This edition of Generational Viewpoints features two professionals from Andrea & Orendorff, a 35-person firm based in Kenosha, Wisconsin. We asked baby boomer partner Kathy Andrea, born in 1955, and millennial partner Ryan Goerres, born in 1988, to share their perspectives on the following question:
“How do you realign your client base to prepare for succession?”
Andrea’s baby boomer viewpoint
My former partner and I, also a woman and only one year older, started planning for our retirements and our firm’s succession of leadership almost six years ago. Our plans have really come to fruition over the past year. This transition is an adjustment for us and for our team, and it impacts our clients, too. The necessary realignment of our client base could have followed one of two potential paths. The first path was a buyout or merger with another firm. The second path was one of internal leadership promotion. Developing our internal leadership was a better fit with our firm’s culture and for our clients, so we chose to follow that path.
Over the last 40 years, our firm has maintained two service segments. The first was a for-profit segment that provided business and individual tax, accounting and business consulting services. This segment was one-fifth of our $3.2 million (2020) in revenue. Our firm’s specialty is providing nonprofit and government services. We have a standing contract in place with county government that makes up $2 million of our revenue and employs nearly 60% of our staff.
Our firm’s approach to client service has always been collaborative. We were fortunate to find a leader to fill my former partner’s role, which allowed her to retire at the end of 2020. My new partner has been with us for six years now and has grown as a leader and brought new life to our internal succession planning. Though I have worked with some of my clients for 35 years, they have warmly welcomed our new leadership team. I credit this smooth shift to the talents of my successors and the confidence I have in them.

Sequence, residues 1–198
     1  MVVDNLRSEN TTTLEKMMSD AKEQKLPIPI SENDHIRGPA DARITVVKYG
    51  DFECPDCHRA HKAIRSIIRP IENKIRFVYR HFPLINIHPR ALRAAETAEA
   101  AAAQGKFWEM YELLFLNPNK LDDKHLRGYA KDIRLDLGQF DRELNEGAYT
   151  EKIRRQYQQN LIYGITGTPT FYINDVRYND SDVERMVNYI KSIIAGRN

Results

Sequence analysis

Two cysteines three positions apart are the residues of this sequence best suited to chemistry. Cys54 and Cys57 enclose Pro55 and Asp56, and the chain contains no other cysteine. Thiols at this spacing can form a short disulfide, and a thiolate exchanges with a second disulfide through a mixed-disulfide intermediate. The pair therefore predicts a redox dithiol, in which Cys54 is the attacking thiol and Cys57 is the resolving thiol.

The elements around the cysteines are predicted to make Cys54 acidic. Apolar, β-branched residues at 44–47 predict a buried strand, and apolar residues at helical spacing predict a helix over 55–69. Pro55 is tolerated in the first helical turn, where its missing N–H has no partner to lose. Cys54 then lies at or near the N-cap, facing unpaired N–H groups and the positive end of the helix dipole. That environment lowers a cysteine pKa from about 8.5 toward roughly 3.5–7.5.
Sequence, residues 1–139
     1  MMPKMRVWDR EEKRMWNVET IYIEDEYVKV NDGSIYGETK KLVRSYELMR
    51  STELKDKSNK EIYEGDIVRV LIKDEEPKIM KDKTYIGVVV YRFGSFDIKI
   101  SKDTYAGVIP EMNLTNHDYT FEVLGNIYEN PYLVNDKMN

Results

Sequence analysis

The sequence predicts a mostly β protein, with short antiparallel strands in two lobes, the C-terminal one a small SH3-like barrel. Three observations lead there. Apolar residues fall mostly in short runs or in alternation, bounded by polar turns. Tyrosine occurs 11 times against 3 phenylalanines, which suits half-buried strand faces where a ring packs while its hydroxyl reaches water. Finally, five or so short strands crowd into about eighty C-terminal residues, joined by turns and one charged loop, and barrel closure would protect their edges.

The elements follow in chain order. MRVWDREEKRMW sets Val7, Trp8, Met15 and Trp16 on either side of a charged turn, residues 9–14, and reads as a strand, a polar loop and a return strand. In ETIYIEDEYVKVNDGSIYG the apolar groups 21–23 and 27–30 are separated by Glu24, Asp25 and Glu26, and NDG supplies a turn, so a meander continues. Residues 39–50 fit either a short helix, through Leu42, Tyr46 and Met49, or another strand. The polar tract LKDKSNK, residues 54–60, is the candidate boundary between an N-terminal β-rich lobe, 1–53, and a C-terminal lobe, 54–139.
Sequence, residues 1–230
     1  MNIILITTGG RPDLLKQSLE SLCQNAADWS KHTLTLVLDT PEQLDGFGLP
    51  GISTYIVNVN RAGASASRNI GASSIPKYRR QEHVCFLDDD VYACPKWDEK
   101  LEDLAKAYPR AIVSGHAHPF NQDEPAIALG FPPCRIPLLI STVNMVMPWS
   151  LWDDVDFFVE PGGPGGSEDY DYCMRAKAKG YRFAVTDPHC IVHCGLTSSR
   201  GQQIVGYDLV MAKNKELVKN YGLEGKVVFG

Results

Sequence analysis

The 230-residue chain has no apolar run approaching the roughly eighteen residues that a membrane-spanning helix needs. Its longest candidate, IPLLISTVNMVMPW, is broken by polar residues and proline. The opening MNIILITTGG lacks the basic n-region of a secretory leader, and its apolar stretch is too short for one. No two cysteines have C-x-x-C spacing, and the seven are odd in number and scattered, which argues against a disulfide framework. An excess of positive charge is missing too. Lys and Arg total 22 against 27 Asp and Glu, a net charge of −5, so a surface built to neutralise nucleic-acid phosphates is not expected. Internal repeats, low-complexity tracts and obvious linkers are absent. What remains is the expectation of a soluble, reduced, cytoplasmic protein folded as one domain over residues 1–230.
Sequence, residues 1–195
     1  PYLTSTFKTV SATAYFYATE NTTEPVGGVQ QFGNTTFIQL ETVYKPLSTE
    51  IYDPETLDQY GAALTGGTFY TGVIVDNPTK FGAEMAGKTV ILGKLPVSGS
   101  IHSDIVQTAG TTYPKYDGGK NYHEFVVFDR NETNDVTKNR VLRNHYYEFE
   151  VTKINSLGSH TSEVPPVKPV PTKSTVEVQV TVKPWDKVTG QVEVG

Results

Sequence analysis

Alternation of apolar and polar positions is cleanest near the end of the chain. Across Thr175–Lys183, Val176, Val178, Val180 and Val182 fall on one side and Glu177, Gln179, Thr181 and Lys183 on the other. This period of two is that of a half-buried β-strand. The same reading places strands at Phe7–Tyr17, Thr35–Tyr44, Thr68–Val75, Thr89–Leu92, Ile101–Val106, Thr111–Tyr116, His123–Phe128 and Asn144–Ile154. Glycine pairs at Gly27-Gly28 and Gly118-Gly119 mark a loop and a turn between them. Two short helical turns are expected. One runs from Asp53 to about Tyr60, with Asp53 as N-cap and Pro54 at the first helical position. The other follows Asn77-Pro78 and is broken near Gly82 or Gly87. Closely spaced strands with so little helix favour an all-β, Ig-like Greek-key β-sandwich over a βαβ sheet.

One of the best decisions we made during this process was the dramatic change to our client base. My former partner did individual taxes, but neither of us had much small-business expertise. We relied on high-level staff to manage that segment of the firm. After strategic planning and much deliberation, we decided to focus on the specialization we know best and sold the for-profit, tax-focused segment of our firm. We worked closely with the buyer firm by coordinating communications and marketing with our clients. A major key to our success was that my former partner, who enjoyed doing individual taxes, moved to the new firm. Many of our clients interpreted this move as proof that we had carefully selected a good place for them to land. We successfully transitioned 75% of these clients to the new firm for this tax season. For the surviving portion of A&O focused on nonprofit and government services, we have already made up for the revenue we transitioned in just one year’s time. We haven’t missed a beat.